Information on the movements and population connectivity of the oceanic manta ray (Manta birostris) is scarce. The species has been anecdotally classified as a highly migratory species based on the pelagic habitats it often occupies, and migratory behavior exhibited by similar species. As a result, in the absence of ecological data, population declines in oceanic manta have been addressed primarily with international-scale management and conservation efforts. Using a combination of satellite telemetry, stable isotope and genetic analyses we demonstrate that, contrary to previous assumptions, the species appears to exhibit restricted movements and fine-scale population structure. M. birostris tagged at four sites in the Indo-Pacific exhibited no long-range migratory movements and had non-overlapping geographic ranges. Using genetic and isotopic analysis, we demonstrate that the observed movements and population structure persist on multi-year and generational time scales. These data provide the first insights into the long-term movements and population structure of oceanic manta rays, and suggest that bottom-up, local or regional approaches to managing oceanic mantas could prove more effective than existing, international-scale management strategies. This case study highlights the importance of matching the scales at which management and relevant ecological processes occur to facilitate the effective conservation of threatened species.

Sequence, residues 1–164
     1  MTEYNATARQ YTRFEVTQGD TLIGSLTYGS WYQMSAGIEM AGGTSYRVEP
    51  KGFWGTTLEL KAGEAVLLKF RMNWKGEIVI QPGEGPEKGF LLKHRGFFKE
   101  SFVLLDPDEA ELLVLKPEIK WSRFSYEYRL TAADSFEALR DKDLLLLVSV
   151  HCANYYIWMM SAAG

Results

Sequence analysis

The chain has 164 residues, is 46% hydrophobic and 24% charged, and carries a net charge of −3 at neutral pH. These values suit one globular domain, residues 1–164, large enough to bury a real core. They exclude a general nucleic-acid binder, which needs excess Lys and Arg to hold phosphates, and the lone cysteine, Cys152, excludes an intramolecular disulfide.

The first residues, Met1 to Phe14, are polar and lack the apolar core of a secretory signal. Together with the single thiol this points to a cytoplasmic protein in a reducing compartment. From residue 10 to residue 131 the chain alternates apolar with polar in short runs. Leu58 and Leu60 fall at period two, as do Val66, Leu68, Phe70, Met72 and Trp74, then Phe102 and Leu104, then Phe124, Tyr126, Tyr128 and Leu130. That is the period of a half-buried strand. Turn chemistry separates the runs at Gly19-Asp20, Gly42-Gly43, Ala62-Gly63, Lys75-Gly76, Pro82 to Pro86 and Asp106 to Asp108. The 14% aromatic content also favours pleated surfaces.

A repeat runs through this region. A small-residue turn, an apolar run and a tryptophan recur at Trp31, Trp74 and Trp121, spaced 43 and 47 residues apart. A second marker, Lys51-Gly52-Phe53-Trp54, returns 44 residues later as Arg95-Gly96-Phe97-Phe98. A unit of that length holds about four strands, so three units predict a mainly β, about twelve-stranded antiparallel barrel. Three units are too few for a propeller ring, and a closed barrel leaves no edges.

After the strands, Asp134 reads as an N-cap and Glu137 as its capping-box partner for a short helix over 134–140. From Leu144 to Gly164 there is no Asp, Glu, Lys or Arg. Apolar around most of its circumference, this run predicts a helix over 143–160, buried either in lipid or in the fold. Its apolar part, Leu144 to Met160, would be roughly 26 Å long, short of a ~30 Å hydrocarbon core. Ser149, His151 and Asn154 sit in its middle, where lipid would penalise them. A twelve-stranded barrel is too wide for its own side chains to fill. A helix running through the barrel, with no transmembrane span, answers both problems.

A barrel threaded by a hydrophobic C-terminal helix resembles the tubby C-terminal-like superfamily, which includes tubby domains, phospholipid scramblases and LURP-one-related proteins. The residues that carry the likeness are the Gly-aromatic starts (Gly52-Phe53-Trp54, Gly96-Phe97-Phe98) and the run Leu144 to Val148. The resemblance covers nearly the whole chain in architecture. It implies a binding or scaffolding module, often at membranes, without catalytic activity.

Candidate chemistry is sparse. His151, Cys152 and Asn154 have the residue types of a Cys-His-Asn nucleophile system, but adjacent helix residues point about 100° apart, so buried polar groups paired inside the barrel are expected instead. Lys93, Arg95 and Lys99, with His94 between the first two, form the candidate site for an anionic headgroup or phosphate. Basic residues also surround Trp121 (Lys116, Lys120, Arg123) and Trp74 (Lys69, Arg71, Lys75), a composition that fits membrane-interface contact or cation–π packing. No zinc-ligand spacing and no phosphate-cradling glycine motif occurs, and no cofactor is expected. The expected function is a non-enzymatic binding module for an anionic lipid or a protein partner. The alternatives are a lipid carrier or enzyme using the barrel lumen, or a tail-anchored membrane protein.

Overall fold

Coral reefs are highly productive shallow marine habitats at risk of degradation due to CO2-mediated global ocean changes, including ocean acidification and rising sea temperature. Consequences of coral reef habitat loss are expected to include reduced reef fisheries production. To our knowledge, the welfare impact of reduced reef fish supply in commercial markets has not yet been studied. We develop a global model of annual demand for reef fish in regions with substantial coral reef area and use it to project potential consumer surplus losses given coral cover projections from a coupled climate, ocean, and coral biology simulation (CO2-COST). Under an illustrative high emission scenario (IPCC RCP 8.5), 92% of coral cover is lost by 2100. Policies reaching lower radiative forcing targets (e.g., IPCC RCP 6.0) may partially avoid habitat loss, thereby preserving an estimated $14 to $20 billion in consumer surplus through 2100 (2014$ USD, 3% discount). Avoided damages vary annually, are sensitive to biological assumptions, and appear highest when coral ecosystems have moderate adaptive capacity. These welfare loss estimates are the first to monetize ocean acidification impacts to commercial finfisheries and complement the existing estimates of economic impacts to shellfish and to coral reefs generally.